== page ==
“We began with three simple, related questions,” says Carroll Muffett, President of CIEL. “What did they know? When did they know it? And what did they do about it? What we found is that they knew a great deal, and they knew it much earlier and with greater certainty than anyone has recognized or that the industry has admitted.”

In 1968, a report commissioned by the oil industry detailed rising levels of CO2 in the atmosphere and warned of potentially catastrophic climate risks. It

To view the research and document excerpts

— source Center for International Environmental Law (CIEL) | Apr 13, 2016

Nullius in verba

Spike in Alaska wildfires is worsening global warming

The devastating rise in Alaska’s wildfires is making global warming even worse than scientists expected, US government researchers said on Wednesday. The sharp spike in Alaska’s wildfires, where more than 5 million acres burned last year, are destroying a main buffer against climate change: the carbon-rich boreal forests, tundra and permafrost that have served as an enormous carbon sink. The state’s boreal forests, peat-rich tundra, and permafrost hold about 53% of US carbon. Alaska accounts for about 18% of US land mass. Alaska currently absorbs about 3.7m tonnes of carbon a year, the USGS assessment found. But that vast storehouse of carbon has been breached by warming temperatures, thawing permafrost – and wildfire.

— source | 2016

Nullius in verba

Families of Death Squad Victims Allowed to Sue Chiquita Executives

In what supporters described as “a victory for accountability for corporate crimes,” a U.S. judge ruled in favor of allowing Colombians to sue former Chiquita Brand International executives for the company’s funding of a paramilitary group that murdered plaintiffs’ family members. “Chiquita poured $1.7 million between 1997 and 2004 into the outlawed far-right paramilitary group AUC,” observed TeleSur, “which operated as a death squad in Colombia.” The ruling from Judge Kenneth Marra of the Southern District of Florida stated that “‘profits took priority over basic human welfare’ in the banana company executives’ decision to finance the illegal death squads, despite knowing that this would advance the paramilitaries’ murderous campaign,” as the human rights and conservation group EarthRights International (ERI) wrote on Thursday when it announced the judgment.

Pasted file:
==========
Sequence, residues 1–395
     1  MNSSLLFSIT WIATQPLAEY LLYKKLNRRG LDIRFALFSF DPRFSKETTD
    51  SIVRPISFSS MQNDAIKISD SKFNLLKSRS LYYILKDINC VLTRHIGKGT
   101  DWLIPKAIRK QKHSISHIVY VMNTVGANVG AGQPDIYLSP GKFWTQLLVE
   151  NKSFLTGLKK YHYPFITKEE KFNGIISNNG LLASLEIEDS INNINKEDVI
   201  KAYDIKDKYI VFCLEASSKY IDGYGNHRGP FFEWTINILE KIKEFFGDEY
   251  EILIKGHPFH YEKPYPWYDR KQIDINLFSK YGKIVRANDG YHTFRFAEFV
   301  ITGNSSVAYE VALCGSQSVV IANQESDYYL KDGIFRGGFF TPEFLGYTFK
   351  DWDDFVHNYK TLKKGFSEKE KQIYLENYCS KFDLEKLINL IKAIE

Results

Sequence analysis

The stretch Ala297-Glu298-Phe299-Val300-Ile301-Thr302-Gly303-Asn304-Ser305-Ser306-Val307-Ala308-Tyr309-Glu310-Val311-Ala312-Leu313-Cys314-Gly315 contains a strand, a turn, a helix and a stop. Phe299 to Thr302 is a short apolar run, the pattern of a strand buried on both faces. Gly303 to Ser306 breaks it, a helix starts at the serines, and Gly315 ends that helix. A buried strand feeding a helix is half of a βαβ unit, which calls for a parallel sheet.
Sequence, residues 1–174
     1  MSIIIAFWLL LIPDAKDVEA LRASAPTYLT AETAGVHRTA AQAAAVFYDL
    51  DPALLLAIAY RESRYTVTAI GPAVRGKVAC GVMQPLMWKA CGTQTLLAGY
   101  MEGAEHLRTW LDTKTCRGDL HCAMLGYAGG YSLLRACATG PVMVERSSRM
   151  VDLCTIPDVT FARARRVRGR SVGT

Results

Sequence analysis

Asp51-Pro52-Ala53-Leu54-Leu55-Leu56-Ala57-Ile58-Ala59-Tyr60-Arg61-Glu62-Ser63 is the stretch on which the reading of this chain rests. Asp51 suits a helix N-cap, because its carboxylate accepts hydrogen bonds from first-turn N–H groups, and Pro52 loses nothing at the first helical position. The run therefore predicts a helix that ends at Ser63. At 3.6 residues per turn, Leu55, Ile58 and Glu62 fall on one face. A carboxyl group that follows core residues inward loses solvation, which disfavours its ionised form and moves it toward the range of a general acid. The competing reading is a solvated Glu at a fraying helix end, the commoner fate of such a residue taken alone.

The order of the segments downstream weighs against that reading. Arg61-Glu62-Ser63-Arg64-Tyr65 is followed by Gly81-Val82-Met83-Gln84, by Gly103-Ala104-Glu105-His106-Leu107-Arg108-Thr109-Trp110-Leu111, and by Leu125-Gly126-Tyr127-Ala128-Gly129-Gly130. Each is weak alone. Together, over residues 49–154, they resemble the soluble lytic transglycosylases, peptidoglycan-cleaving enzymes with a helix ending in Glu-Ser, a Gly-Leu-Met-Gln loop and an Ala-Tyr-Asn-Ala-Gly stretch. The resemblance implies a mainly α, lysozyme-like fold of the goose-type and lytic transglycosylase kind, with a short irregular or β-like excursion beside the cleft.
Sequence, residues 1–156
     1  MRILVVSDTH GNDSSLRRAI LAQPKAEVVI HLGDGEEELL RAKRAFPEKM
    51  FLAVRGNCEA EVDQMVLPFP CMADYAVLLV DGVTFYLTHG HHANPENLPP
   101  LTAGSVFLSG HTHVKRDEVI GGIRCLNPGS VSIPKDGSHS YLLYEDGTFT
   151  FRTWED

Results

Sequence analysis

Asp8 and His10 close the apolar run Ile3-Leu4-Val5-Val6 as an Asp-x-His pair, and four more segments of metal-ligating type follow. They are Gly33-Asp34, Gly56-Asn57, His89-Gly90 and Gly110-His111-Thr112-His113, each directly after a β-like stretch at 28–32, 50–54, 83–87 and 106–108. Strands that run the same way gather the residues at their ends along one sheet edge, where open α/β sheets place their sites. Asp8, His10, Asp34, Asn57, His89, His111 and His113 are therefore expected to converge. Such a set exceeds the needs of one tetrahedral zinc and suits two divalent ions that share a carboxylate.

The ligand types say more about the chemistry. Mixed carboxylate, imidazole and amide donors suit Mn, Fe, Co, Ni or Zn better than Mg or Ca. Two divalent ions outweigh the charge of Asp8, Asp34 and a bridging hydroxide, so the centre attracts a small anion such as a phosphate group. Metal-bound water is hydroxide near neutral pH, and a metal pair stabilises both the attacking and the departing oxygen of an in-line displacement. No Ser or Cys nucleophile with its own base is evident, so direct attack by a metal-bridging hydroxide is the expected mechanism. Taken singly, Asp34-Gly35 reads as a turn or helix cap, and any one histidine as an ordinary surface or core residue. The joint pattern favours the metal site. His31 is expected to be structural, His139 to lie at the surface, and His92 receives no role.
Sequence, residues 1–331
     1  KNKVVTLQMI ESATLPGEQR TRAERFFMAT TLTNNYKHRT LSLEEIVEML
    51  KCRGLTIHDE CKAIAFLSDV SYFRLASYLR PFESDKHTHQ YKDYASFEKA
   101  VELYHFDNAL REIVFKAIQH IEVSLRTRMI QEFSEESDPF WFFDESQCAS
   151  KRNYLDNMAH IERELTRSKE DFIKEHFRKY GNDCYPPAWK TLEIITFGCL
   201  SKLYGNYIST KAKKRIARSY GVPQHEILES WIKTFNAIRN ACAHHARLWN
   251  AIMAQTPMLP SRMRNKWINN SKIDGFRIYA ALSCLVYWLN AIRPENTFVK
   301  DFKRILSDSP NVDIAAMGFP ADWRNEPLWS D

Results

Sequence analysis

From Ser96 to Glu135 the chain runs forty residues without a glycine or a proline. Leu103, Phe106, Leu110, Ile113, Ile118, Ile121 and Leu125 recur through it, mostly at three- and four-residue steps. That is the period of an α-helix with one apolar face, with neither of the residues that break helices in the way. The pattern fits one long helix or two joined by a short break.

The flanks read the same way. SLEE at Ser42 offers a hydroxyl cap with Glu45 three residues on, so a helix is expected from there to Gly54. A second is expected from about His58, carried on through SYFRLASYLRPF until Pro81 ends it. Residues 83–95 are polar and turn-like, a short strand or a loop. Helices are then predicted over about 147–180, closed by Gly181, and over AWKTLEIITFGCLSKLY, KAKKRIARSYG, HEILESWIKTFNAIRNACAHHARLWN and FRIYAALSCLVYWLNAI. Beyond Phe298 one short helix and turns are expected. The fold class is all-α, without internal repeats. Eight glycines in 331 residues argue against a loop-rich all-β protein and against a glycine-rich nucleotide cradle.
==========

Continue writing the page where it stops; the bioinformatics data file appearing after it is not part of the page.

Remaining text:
— source | 2016

Nullius in verba

The catalogue of Tony Blair’s deceptions are now being revealed by the day

Such a high crime does not, and will not, melt away; the facts cannot be changed. Tony Blair took Britain to war against Iraq illegally. He mounted an unprovoked attack on a country that offered no threat, and he helped cause the deaths of thousands of innocent people. The judges at the Nuremberg Tribunal following world war two, who inspired much of international law, called this “the gravest of all war crimes”.

Blair had not the shred of a mandate from the British people to do what he did. On the contrary, on the eve of the attack, the majority of Britons clearly demanded he stop. His response was contemptuous of such an epic show of true democracy. He chose to listen only to the unelected leader of a foreign power, and to his court and his obsession.

With his courtiers in and out of the media telling him he was “courageous” and even “moral” when he scored his “historic victory” over a defenceless, stricken

— source | john pilger | 3 Jun 2003

Nullius in verba